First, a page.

King John had managed to alienate those beneath him in the pyramid of medieval power: the Barons and the Church. In a row about the appointment of the Archbishop of Canterbury he ruined relations with Rome, humiliatingly agreeing to the papal candidate and even giving England and Ireland to Rome and paying rent to the Pope for them! With the Battle of Bouvines in 1214 Johnís loss of vast tracts of France for the English crown was confirmed, and with them significant revenues. The Barons were vexed at Englandís losses, and being taxed viciously because of them.
On June 10 1215 the Barons entered London to resolve matters; on June 15 at Runnymede John sealed an agreement listing various rights, curbing his powers, even placing him at the mercy of The Great Council of 25 Barons. Exactly a month later copies prepared in the chancery were sent to each county and to various bodies of importance.
However solemn his promises, made before 13 Bishops and Archbishops, 20 Abbots, King Alexander II of Scotland, Llewellyn the Great of Wales and most of the greatest Barons in the land, John had no intention of keeping them.
Pope Innocent III backed John in his swift repudiation, saying the accord was beneath a Kingís dignity. The First Baronsí War erupted, ended by Johnís death from dysentery in October 1216. His child heir Henry ís advisors produced a revamped version of Magna Carta within a month of his accession; and another in 1217; and when Henry reached his majority in 1225 what is regarded as the definitive version was written. Henryís reign was long, Magna Carta put down roots, strengthened when his son Edward I confirmed the charter with his own version of it in 1297.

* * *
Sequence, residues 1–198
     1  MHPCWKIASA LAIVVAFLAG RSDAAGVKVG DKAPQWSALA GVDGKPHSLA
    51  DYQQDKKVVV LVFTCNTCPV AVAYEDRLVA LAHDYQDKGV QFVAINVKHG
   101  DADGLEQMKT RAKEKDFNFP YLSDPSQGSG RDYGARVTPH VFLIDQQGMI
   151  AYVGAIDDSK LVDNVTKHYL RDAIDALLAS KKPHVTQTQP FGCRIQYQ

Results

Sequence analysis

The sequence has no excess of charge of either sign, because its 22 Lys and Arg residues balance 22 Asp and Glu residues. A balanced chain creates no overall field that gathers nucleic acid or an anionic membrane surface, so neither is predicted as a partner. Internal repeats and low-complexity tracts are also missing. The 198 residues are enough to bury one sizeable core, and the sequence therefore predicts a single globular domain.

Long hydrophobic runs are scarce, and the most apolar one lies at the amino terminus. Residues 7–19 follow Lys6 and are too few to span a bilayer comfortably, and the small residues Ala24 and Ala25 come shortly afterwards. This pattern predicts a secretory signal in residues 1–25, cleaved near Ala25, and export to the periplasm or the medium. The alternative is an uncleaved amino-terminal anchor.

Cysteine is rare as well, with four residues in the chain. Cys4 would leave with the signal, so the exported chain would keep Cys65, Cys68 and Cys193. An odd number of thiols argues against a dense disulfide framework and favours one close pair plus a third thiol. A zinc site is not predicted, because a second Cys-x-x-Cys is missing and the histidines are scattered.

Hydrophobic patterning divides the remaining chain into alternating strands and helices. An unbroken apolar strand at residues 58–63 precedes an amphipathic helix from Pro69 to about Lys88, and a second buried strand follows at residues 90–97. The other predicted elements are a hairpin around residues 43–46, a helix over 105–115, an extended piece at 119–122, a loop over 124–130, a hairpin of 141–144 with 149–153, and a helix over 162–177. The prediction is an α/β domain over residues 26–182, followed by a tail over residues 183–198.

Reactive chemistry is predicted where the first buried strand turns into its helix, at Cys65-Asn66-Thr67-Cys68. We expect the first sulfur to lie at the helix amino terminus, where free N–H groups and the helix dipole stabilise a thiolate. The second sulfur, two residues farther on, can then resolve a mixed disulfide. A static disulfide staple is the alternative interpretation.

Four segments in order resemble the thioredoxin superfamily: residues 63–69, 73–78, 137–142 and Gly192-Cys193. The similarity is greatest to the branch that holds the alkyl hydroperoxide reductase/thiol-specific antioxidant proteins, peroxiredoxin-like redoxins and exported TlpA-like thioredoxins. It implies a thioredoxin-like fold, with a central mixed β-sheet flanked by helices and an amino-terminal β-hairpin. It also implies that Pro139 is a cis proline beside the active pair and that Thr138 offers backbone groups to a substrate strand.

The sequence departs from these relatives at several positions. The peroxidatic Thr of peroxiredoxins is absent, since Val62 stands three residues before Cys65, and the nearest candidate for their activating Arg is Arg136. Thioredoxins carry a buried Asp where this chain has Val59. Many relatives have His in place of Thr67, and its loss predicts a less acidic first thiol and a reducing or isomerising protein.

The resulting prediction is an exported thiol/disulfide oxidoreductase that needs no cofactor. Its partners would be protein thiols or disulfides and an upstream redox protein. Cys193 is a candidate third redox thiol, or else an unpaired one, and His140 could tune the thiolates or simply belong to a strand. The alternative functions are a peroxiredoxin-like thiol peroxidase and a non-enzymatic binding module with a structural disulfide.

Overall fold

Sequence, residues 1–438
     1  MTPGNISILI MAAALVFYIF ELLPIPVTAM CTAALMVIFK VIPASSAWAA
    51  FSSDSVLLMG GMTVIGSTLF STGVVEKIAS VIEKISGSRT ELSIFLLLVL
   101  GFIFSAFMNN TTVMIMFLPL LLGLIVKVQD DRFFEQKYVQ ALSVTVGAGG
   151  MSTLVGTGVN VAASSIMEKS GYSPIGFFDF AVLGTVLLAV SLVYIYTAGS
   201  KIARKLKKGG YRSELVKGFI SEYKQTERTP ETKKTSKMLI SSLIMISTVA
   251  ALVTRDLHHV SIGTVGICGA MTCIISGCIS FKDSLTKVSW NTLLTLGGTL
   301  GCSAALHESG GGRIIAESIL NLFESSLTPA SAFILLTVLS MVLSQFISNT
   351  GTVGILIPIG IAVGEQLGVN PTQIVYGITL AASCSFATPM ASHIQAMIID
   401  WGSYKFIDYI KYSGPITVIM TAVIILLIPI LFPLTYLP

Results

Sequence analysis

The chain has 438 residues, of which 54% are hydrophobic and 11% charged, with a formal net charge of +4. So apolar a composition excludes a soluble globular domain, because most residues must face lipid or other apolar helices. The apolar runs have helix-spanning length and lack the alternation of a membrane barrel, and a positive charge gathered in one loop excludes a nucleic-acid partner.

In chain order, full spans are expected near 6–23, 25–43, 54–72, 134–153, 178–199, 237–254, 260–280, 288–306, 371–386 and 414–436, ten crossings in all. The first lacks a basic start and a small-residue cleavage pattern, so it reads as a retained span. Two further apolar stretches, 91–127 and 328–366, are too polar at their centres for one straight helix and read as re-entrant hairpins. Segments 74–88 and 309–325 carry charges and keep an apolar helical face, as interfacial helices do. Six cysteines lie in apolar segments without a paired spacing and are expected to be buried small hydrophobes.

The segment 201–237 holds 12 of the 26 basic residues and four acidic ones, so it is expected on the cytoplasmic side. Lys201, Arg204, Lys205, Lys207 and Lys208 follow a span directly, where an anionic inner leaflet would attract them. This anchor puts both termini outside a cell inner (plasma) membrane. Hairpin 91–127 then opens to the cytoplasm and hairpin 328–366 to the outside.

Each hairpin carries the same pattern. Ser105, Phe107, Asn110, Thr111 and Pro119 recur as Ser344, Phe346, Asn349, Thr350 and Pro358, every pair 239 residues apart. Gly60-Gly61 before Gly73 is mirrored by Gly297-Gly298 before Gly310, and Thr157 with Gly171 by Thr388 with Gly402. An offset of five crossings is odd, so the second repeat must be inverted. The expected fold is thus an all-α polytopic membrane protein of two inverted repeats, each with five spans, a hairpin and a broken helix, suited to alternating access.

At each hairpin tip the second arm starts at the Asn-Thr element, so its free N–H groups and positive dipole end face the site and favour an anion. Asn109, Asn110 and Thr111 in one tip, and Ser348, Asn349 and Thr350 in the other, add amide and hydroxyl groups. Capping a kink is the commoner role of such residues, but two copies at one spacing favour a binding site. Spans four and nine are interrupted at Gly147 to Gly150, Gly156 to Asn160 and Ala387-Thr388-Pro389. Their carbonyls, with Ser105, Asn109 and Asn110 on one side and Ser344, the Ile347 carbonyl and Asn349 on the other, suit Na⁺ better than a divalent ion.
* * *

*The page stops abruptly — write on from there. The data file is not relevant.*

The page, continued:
Magna Carta established the rule of law: a set court system; the need for due process in trials; the need for due cause before trial; punishment to be decided by judges alone, and fines in accordance with the offence; justice neither delayed nor bought; habeas corpus enshrined, preventing undue imprisonment; all state officials to be suited to their post. Commerce too benefitted, with weights and measures defined, but more significantly the concept of representation, of some sort of Parliament, entered our world view with the Great Council idea.
Most of Magna Carta has been repealed now, replaced with other Acts within the rule of law. But the concept of government constrained within a legal framework is a part of our national make-up; we have rights; we can and do demand true justice.
Original copies of the various versions of Magna Carta can be found at Lincoln Castle , the Bodleian Library , the British Library , Parliament , Hereford Cathedral and Salisbury Cathedral , among other sites.
More British History here
On this day: